Last Sunday, I gave a sermon on the Temptation of Jesus for a Beyond the Walls service by the Toronto Congregation of Community of Christ. The whole service was great, and I was happy to make my small contribution to it. It’s been recorded and archived here:
As I did the last time that I gave a sermon, though, I wanted to share the text I preached from:
This week, as we follow Jesus into the wilderness, we might wonder what the purpose of this journey is. Jesus has already been baptized—why is he pausing for these 40 days before beginning his public ministry? The obvious answer is to look forward: Ministry requires preparation, and perhaps it would not be wise to rush into proclaiming the good news and calling disciples.
However, I believe there is also value in looking backward. Something remarkable happened last week as we stood on the banks of the Jordan watching John baptize Jesus:
“just as he came up from the water, suddenly the heavens were opened to him and he saw God’s Spirit descending like a dove and alighting on him. And a voice from the heavens said, ‘This is my Son’” (Matthew 3:16-17).
Matthew suggests that this may have been a personal experience for Jesus—that we and the other spectators may not have heard these words. Even if we did hear them, it is unlikely that we would have understood their significance.
For a 21st century Christian, it is obvious to describe Jesus as “son of God.” It is a key part of what we believe about Jesus, and the words of the divine voice at his baptism wouldn’t have surprised us much.
For a first century Galilean, though, the phrase “son of God” means something altogether different—something that is now sending Jesus into the wilderness for some careful reflection.
Here in the first century, legendary heroes are sons of God. Kings of nations are sons of God. The Roman emperor (perhaps the most powerful human on the planet) is a son of God. We’ve heard the rumors back in Nazareth that this man we are following into the wilderness is not even really the carpenter’s son—would we believe that he is God’s son? Perhaps more importantly, would Jesus himself believe it?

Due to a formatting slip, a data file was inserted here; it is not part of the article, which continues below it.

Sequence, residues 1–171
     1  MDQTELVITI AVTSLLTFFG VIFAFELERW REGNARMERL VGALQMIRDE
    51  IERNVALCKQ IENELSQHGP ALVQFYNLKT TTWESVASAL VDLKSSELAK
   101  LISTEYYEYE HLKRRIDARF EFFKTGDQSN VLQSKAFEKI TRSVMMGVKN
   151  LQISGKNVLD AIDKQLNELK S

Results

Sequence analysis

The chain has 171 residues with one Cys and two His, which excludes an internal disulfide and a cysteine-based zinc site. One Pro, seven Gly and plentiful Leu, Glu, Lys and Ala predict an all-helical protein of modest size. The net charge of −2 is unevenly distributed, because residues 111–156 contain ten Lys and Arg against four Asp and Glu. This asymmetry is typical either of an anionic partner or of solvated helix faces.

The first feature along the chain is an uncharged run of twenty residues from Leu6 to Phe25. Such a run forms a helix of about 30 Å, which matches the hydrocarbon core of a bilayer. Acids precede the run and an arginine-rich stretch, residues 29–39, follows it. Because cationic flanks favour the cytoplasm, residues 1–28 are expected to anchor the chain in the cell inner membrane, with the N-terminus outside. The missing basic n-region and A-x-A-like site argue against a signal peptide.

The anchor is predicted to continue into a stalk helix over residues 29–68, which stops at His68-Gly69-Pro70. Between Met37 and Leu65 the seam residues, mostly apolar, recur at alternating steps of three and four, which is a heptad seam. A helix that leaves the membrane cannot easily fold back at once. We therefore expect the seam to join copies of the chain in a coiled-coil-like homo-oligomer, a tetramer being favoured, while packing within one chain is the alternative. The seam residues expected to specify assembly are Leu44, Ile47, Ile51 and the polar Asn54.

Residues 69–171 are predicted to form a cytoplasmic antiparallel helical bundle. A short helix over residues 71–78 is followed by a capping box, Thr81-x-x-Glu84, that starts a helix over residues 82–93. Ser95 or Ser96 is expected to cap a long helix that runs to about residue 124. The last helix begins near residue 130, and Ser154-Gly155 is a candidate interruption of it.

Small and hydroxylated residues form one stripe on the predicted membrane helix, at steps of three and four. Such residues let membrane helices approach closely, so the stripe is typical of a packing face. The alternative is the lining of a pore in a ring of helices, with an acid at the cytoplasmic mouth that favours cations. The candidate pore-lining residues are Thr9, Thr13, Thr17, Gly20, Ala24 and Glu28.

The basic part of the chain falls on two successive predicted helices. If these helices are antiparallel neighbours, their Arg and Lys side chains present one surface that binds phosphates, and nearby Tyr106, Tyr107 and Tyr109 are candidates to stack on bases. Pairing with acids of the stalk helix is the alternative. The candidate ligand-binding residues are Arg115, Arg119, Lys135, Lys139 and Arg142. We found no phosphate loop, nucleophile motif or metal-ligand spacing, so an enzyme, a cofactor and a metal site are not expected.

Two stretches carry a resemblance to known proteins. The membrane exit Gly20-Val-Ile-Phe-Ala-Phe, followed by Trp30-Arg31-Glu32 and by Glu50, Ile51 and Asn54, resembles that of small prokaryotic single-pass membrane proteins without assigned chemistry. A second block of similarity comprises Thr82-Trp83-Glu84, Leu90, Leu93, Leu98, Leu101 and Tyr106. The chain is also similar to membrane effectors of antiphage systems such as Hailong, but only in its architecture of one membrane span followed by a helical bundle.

This consideration of new identity may be baptism at its best. The Basic Beliefs document of Community of Christ teaches us that the sacraments—including baptism—are meant “to convey… grace” and “touch with… compassion.” I like to think that this was also true of Jesus; that his baptism was a moment where he felt God’s grace and compassion telling him that he was more important and more beloved than he had ever dared believe before.
I also hope that—at our own baptisms or in other moments of our lives—we have felt a deep assurance that, in the words of the apostle Paul, “we are children of God, and if children, then heirs: heirs of God and joint heirs with Christ” (Romans 8:16-17). That is, I hope we also have moments where we feel more important and more beloved than we had ever dared believe before. I have kept personal journals since I was a teenager, and thanks to these journals, I have a record of one of these moments from sixteen years ago, in January of 2008. Someone said something to me that made me feel important to them. I did not write down who it was or what they said, but I can still remember the feeling that I wrote down—that I was beloved in a way that I had never realized. It was the kind of feeling that might send me into the wilderness for some deep reflection.
Of course, there is a danger with this kind of journey into the wilderness. If we are not careful, then after reflecting on how important and beloved we are, we will leave the wilderness thinking that we are more important and more beloved than other people. Indeed, my memory from early 2008 stands out to me because during this part of my life, I was regularly telling people that to feel all of God’s love and fully understand their own importance, they had to attend the church that I attended and they had to believe what I believed. I was slow to understand that every person I talked to in this way was also a child of God, already more beloved and important than I would have dared believe.
This same danger is surely present for Jesus, too. Again, he is living during a time where to describe oneself as a child of God is not simply an act of self-affirmation but to put oneself on par with heroes, kings, and emperors. It is remarkable that from the moment he enters the wilderness, Jesus’s response to that voice at his baptism is not to claim wealth, fame, or power. Rather, he responds to being the son of God by fasting for 40 days: voluntarily foregoing the feasts and delicacies that a son of God would have had right to. As we stay with Jesus during these 40 days, we should be surprised by—and grateful for—this humility.